When talking about mass produced things, I figure that there are always going to be nice survivors and nice restorations done with preservation in mind. I did away with my interior aluminum walls, fake wood and plastic tambours in favor of a warm design that makes me feel good. (although I left ALL of this stuff in my 75)

I respect those who are intent on maintaining a factory fresh look, but it just isn't something that is important to me personally. Mass produced items are kind of like Doritos, they made more....

You know if my trailer had been a really nice survivor instead of a well used and worn instrument of practical camping, I might have had reservations about stripping the trailer out and changing everything, but I would have done it anyway, because I knew exactly what I was going to do when I bought it, good, bad, or ugly...
I don't like modifying to the point that there's no turning back, unless it was a badly neglected or damaged Airstream than needed a full gut job anyways. At that point, might as well go either way. It won't be a factory original anymore, so you could either restore it to factory specs, or do a full custom interior. I've seen a few episodes of a TV show, something like "Pimp My Ride" but for RVs. Might be called "Rock My RV" or something like that. They tend to so drastic things that permanently change an RV. Definitely a huge custom job. There's no turning back - you're committed to it.

I like my Airstream the way it is, for the most part. It's not a mint condition unit, but a very well cared for, but used a bit, Airstream. I'd actually be surprised if there are too many more of the same vintage in nicer condition. Might be a few where someone bought it, used it a few times and parked never to be used again, or used sparingly. Or maybe someone bought one with the intent of keeping it as a collector's item. I don't know. But since mine is in pretty good overall, original condition, that's why I'm hesitant to make any serious changes to it. Or at least anything that can't be easily changed back if desired.

Airstreams are mass produced, true. But not in very high numbers. I'm thinking Airstreams and Winnebagos... kind of like Bentleys and Chevys. Well, maybe not quite such a gap in terms of price or even production numbers, but I think you get the idea.

Anyways, all of this discussion is good. It's helping me decide what to do with my Airstream. I think I'll try to keep it close to stock, or only change things that can be returned to stock form. Or upgrade if it looks (or could have been) factory installed. Either that, or I'll go hog wild and do a full custom job knowing that it will never be considered a factory original anymore. But, I'd be more likely to just buy a newer Airstream that has the features or layout I want if it comes to that.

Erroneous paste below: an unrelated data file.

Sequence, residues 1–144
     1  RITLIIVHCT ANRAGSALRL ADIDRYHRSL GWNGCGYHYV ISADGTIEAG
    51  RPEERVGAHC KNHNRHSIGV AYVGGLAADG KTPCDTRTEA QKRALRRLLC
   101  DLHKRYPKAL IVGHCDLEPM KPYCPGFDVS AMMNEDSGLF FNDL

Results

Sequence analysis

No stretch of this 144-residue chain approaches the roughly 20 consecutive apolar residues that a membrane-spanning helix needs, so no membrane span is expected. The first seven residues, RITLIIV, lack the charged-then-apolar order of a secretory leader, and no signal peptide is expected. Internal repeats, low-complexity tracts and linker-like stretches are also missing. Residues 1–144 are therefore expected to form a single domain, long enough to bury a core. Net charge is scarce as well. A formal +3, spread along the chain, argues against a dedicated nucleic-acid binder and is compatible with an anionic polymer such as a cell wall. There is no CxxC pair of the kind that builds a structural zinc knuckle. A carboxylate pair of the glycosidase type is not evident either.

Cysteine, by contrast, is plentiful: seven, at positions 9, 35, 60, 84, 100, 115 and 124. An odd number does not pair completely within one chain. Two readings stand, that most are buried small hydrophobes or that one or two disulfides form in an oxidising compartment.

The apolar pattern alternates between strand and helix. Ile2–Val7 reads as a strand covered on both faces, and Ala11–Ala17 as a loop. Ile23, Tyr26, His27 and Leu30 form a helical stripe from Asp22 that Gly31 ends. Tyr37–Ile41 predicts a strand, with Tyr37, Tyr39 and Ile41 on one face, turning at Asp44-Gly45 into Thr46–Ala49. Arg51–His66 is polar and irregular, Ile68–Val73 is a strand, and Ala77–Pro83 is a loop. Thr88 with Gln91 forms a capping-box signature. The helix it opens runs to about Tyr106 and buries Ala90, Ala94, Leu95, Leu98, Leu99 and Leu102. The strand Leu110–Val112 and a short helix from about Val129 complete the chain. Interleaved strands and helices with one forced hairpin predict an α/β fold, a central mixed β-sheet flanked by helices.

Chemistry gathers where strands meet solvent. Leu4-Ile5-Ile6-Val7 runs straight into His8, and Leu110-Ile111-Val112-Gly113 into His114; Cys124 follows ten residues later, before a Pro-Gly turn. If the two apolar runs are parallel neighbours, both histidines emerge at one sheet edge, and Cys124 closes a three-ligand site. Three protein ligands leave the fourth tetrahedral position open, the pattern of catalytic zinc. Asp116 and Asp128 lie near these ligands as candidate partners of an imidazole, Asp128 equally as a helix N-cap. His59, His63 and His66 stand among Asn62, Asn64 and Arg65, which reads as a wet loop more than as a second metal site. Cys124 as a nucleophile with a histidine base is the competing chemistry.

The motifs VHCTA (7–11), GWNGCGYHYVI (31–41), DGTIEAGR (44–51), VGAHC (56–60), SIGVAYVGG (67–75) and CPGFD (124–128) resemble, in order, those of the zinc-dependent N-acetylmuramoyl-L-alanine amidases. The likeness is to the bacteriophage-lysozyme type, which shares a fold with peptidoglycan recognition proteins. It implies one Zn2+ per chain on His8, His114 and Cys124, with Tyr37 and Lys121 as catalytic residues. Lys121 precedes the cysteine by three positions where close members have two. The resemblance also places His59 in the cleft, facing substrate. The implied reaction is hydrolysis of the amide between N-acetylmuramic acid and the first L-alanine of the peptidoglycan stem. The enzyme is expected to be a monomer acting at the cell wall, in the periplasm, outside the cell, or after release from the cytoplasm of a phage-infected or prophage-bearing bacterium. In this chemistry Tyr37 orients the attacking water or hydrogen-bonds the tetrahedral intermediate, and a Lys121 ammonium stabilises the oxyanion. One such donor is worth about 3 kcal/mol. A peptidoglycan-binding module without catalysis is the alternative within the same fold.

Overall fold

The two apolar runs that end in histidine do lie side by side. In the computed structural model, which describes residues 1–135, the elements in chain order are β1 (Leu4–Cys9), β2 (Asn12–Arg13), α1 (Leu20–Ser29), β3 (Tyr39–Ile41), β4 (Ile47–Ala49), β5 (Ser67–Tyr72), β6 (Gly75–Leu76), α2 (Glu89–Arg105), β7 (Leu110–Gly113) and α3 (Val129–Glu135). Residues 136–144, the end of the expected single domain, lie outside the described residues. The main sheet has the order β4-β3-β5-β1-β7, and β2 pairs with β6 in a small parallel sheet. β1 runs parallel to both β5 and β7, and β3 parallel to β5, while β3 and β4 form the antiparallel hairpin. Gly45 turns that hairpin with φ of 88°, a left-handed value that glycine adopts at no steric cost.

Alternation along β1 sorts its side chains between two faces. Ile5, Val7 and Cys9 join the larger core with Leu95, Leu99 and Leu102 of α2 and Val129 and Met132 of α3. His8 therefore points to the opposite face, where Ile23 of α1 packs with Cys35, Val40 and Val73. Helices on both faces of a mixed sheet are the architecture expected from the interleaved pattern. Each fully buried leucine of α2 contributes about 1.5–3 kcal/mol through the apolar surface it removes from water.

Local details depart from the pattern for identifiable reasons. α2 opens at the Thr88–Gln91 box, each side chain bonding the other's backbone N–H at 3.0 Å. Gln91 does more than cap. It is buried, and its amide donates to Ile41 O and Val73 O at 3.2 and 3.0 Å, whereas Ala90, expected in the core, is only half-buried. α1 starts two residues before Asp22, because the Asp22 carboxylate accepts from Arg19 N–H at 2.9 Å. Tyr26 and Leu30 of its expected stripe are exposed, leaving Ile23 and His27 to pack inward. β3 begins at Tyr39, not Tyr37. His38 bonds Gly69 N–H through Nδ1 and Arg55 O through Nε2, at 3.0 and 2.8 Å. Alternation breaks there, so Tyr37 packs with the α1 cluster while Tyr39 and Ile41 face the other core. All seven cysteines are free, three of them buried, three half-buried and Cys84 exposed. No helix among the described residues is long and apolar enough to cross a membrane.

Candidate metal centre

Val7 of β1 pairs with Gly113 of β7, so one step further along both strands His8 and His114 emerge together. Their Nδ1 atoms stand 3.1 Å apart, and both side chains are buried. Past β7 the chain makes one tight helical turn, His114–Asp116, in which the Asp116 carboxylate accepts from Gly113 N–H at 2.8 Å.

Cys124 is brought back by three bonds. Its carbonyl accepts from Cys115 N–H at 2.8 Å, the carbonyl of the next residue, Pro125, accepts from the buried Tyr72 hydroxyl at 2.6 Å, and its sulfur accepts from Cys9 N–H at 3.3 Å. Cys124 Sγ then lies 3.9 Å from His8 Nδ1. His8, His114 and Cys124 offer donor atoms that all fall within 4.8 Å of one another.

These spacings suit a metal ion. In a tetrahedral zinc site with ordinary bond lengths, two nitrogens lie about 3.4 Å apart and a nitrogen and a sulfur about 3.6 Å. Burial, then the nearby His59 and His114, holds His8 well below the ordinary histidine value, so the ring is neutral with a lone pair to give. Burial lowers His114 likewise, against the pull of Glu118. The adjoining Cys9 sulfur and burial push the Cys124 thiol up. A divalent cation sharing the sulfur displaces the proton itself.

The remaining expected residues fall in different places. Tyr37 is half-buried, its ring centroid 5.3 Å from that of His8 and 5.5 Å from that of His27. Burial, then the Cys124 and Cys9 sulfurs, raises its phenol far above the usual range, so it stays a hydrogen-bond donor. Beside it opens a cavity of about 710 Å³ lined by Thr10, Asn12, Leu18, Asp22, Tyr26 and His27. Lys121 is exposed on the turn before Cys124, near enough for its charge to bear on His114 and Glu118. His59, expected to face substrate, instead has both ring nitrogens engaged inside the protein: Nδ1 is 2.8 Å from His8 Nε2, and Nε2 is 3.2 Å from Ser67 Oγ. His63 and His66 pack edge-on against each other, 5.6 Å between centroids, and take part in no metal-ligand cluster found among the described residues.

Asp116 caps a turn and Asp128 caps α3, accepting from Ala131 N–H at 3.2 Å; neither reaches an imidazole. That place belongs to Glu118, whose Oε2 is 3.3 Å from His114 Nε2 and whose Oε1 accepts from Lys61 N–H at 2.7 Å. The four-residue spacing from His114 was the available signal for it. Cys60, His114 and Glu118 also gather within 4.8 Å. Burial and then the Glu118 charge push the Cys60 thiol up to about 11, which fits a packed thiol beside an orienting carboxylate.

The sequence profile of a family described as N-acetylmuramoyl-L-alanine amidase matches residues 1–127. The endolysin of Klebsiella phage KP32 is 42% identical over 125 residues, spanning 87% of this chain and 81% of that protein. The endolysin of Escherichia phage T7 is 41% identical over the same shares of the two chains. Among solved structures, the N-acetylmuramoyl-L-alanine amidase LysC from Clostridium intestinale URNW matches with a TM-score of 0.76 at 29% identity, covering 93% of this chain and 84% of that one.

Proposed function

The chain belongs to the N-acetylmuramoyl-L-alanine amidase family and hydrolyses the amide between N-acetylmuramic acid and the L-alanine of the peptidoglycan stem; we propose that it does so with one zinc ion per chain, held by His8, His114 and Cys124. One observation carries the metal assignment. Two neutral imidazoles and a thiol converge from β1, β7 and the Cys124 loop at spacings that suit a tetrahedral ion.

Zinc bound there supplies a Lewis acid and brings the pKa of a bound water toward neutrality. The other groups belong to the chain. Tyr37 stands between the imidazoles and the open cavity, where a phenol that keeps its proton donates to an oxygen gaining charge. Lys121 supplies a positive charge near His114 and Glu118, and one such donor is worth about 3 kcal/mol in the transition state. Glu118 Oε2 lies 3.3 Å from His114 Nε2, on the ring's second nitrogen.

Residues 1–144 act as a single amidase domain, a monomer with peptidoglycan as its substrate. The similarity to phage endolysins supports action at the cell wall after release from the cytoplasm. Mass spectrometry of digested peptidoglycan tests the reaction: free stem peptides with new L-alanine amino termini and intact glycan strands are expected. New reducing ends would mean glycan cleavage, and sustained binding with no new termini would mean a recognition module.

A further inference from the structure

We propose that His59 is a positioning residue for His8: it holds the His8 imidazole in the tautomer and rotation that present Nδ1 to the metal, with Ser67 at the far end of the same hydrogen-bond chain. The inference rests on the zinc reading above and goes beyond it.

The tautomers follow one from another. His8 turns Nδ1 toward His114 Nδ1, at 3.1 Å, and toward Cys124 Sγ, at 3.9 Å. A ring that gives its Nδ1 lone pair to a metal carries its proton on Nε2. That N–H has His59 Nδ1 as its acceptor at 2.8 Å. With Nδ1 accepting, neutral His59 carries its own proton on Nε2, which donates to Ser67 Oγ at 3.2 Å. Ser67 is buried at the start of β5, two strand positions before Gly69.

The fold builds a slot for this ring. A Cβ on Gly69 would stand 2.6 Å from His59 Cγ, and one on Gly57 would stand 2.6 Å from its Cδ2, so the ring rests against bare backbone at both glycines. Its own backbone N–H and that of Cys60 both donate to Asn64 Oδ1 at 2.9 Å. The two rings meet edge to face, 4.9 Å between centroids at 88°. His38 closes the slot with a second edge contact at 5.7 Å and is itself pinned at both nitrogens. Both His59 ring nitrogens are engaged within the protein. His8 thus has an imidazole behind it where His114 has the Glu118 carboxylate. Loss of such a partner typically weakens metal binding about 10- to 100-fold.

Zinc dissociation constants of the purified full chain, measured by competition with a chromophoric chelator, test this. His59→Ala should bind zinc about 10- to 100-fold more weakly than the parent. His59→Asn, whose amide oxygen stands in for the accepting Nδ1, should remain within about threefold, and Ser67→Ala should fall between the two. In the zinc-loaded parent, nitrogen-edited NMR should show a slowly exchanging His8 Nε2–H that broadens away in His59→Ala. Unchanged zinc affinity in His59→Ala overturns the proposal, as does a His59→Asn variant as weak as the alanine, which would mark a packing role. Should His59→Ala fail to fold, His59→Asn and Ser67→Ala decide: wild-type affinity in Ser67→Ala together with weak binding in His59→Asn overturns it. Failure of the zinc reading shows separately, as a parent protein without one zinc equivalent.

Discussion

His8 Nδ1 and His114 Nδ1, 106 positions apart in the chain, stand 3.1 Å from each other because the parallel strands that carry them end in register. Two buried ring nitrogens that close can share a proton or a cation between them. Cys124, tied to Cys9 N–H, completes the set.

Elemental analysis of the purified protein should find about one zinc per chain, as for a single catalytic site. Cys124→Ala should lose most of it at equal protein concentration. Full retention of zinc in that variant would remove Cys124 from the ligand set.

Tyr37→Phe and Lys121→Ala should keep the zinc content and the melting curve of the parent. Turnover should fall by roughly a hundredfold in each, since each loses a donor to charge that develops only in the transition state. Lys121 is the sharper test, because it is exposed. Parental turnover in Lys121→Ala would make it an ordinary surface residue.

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Old 04-08-2015, 04:43 PM   #12
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Cute dog on couch! Don't paint those nice real wood cabinets! Update the upholstery fabrics if you want for a fresh look!
Thanks! That's my little buddy Zak on the couch.

When I first got the Airstream, I was going to get the couch reupholstered and paint the cupboards white. Glad I didn't. I've gotten used to the cupboards, and it would be hard to strip the paint off if I ever decided to go back to original. As for the couch, the upholstery is in excellent condition. I had it steam cleaned for good measure. When I was buying the Airstream, I had to stop somewhere with the spending. I had already installed solar, new tires and had to get the hitch and brake controller for my tow vehicle, so that was part of the reason I didn't spend any more.
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Old 08-16-2015, 12:28 PM   #13
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Vintage or Reno?

It's been a couple of months since this conversation stopped, but I'm hoping to revive it as I could use some more thoughts on the subject.

I am the proud owner of a 1961 Bambi, California style. Overall, it's in good shape. I have had to replace the pink toilet so it is now white. The upholstery and curtains were shot, so they're changed and I've removed the awful bambo flooring someone put in. The refrig needs to be replaced along with the hot water heater and furnace. So, bottom line, all of the "behind the walls" stuff will be new. I'm probably going to go ahead and do the shell-off. Afterwards, the functionality of it will be "new".

My question really pertains to the woodworking...the closet, drawers, cupboards and bed/couches. It's in decent shape but certainly not particularly attractive. I don't want to change the layout. I'm just wondering if I replace the wood with new, how have I affected the value? Or, have I already affected the value by changing out the water, electrical, floor and appliances so much that changing the wood won't matter? If I change out the wood, it will look like brand new '61 with '15 wood tone.

What has highest value and demand--total vintage or more dependable and attractive reno that is true to the original? Now that it will be dependable, I can live with either wood finish. Thank you!